By the time of The Amazing Spider-Man 2‘s premiere, there had been major shifts in comic book inspired cinema, not to mention blockbusters in general. With the success of Marvel Studios’ shared cinematic universe of Marvel characters which had kickstarted in 2008 with the release of Iron Man, it wasn’t enough for a studio to merely have a franchise, it had to be part of a larger cycle of films. Many studios such as Warner Bros., Universal Pictures and Sony themselves had tried to emulate this; the latter with their own Spider-Man rights, as evidenced by the sheer number of easter eggs and foreshadowing of future storylines in Marc Webb’s second web-slinger film.
Those easter eggs came to nothing after the perceived box office disappointment of the second in The Amazing Spider-Man cycle, prompting Sony and Columbia Pictures to go hat in hand to Marvel Studios, which had since become part of Walt Disney, thus prompting a rare moment of solidarity between Hollywood studios when one powerhouse would produce a movie for another.
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Spider-Man: Homecoming would, however, not be the first time that Peter Parker would appear in a film produced by Marvel Studios, with the previous year’s Captain America: Civil War marking the first appearance of the famed web-slinger in a Marvel Studios’ film, as portrayed by Tom Holland.
The following year would follow up with the first solo Spider-Man film produced by Marvel Studios, essentially bringing Feige back to the Spider-Man fold albeit this time using the shared universe that he had helped bring to the screen over the previous nine years.
Many directors were rumoured, with Jon Watts, who had directed the well recieved indie Cop Car, being the one who would direct the film, with a screenplay put together by six credited writers, including Watts and Game Night‘s John Francis Daley and Jonathan Goldstein.
While previous Spider-Man films had started with Peter Parker in high school and then fast forwarded through his teen years to adulthood, in Homecoming the decision was made to keep Parker as a high school student, thus prompting the casting of the youngest Spider-Man yet in the shape of Tom Holland.
With Spider-Man now a fully-fledged part of the MCU, it meant that the character and the film would get to hang out with other established characters, with a supporting role for Robert Downey, Jr as Tony Stark, Jon Favreau as Happy Hogan, and cameo appearances from Gwyneth Paltrow as Pepper Potts and, in a movie highlight, Chris Evans as Steve Rogers in one of the best running jokes in an MCU film, along with references to previous films.
With a reboot of the character yet again in a short number of years (the Holland iteration would make his debut a mere four years after the debut of Andrew Garfield) it would be so easy to roll one’s eyes and wonder why Marvel and Feige didn’t opt to go for Miles Morales as the new web-slinger to make any reboot feel fresh and different to what came before (Miles would have to wait another year for his big screen debut through, arguably, the greatest Spider-Man film of all).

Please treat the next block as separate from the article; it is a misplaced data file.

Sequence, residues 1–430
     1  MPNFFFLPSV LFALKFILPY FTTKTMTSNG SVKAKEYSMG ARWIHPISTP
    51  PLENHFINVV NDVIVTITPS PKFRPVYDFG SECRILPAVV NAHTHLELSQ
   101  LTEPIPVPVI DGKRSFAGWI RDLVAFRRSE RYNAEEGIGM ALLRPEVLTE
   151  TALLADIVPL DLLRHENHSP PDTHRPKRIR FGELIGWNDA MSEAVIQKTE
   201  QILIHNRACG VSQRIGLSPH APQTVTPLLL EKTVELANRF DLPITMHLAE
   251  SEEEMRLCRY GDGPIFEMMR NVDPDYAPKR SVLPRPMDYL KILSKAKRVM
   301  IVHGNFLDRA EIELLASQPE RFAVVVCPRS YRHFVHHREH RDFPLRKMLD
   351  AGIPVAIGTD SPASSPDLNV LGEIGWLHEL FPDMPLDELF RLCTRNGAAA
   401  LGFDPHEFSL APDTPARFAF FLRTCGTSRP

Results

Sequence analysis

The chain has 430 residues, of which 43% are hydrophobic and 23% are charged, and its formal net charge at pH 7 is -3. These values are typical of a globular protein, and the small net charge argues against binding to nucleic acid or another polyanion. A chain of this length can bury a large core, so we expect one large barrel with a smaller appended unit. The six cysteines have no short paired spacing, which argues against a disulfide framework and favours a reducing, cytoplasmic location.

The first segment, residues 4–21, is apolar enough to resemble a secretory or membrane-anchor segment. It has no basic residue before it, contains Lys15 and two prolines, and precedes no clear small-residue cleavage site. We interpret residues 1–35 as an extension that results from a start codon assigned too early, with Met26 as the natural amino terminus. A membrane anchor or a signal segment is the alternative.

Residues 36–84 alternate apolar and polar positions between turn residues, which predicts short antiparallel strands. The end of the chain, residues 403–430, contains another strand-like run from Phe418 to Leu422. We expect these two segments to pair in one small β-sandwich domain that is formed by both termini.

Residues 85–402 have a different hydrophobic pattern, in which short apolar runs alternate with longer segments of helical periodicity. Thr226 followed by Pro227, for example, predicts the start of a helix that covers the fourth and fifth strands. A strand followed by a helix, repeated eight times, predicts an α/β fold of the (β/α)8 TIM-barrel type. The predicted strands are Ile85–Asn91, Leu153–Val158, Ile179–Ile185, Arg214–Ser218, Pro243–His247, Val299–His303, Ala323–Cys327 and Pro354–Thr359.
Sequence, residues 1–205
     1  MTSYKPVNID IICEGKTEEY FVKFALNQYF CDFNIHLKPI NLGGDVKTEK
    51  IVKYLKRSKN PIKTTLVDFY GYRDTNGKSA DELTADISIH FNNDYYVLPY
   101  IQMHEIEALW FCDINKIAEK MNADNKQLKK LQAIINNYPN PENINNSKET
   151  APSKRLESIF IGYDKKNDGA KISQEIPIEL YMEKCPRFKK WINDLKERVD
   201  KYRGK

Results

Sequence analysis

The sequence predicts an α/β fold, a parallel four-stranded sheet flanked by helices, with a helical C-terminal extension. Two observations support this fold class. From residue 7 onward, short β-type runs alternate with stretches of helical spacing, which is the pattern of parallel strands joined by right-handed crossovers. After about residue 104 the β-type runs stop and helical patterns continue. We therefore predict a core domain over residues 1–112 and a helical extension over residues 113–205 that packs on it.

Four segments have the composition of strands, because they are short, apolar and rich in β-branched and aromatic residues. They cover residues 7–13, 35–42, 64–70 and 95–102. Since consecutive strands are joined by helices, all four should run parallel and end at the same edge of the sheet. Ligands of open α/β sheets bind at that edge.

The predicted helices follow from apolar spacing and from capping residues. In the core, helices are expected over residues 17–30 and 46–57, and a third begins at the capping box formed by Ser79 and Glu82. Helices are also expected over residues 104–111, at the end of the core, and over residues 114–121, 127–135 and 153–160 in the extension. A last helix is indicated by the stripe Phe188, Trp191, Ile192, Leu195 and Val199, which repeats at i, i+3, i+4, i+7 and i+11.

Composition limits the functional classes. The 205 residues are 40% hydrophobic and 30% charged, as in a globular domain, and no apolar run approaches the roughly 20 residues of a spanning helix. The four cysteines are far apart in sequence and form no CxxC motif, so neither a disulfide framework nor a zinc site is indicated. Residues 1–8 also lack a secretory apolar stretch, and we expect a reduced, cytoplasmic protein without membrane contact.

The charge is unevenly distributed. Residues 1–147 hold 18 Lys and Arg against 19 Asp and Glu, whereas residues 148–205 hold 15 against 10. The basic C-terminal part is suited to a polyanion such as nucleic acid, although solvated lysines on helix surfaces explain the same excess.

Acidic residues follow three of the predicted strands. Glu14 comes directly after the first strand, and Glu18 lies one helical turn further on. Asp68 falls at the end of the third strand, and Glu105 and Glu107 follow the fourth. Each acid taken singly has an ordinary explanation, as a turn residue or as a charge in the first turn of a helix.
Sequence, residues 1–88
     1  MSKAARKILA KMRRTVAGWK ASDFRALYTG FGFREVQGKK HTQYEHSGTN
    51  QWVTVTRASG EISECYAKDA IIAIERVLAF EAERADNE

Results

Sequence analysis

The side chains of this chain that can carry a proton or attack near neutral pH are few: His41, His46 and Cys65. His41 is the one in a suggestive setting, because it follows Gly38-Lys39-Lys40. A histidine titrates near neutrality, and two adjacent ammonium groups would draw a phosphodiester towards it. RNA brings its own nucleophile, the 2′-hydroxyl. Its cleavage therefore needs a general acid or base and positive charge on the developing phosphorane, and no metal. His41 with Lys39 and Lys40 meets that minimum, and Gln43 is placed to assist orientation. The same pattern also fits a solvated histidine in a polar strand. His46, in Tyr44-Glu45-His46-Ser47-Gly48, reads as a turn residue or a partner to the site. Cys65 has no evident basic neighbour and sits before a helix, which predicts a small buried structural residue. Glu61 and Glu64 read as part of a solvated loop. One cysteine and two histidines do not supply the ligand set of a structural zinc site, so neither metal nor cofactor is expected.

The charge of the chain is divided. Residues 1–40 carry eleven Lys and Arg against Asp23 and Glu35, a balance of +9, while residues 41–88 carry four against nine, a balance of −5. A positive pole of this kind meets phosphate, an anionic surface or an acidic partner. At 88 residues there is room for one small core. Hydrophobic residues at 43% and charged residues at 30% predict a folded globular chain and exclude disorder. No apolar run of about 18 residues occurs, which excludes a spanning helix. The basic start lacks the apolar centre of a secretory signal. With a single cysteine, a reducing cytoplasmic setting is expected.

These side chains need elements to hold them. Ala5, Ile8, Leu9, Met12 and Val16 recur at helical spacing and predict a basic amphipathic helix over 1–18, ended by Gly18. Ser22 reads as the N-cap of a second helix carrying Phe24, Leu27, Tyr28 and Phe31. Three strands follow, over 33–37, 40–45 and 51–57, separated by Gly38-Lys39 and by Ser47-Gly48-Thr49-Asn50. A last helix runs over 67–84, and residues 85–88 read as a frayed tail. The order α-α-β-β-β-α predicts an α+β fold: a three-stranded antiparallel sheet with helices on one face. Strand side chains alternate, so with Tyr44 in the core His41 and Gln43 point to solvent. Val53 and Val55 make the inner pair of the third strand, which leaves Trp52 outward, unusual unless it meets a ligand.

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What makes the film feel fresh and different to previous incarnations is its breezy tone. Sticking to the high school setting instead of trying to get the character to graduate as soon as possible (there’s a graduation moment in the middle of Raimi’s first film, and Webb’s second film opens with a graduation), it opts to go for a tone that could be best described as ‘John Hughes does a superhero movie’.
Being a Marvel produced film from 2017 means that the action and story are high octane and filled to the brim with continuity and links to previous instalments, including a villain whose motivations are put into gear due to the events of Avengers Assemble. Even better, it casts a great actor as the villain and doesn’t proceed to waste them.
There is a lovely sense of irony in seeing Michael Keaton play a villain in a superhero film, and upon first viewing it appears as if he’s playing the same type of bland villain that was sometimes a staple of the MCU, even in the better films, but the plot then throws in a humdinger of a twist that it builds upon brilliantly, including one of the best bad speeches delivered to a titular hero in recent memory, not to mention a key reveal that may very well be one of the best moments from the MCU.
It’s not all perfect; the final set piece is literally one of the murkiest action sequences put to film, and emotionally it can never quite top its start of the third act twist. But given that Homecoming had many rolling their eyes at its mere existence, it turned out to be not only a good movie, but has many moments that might make it a great one.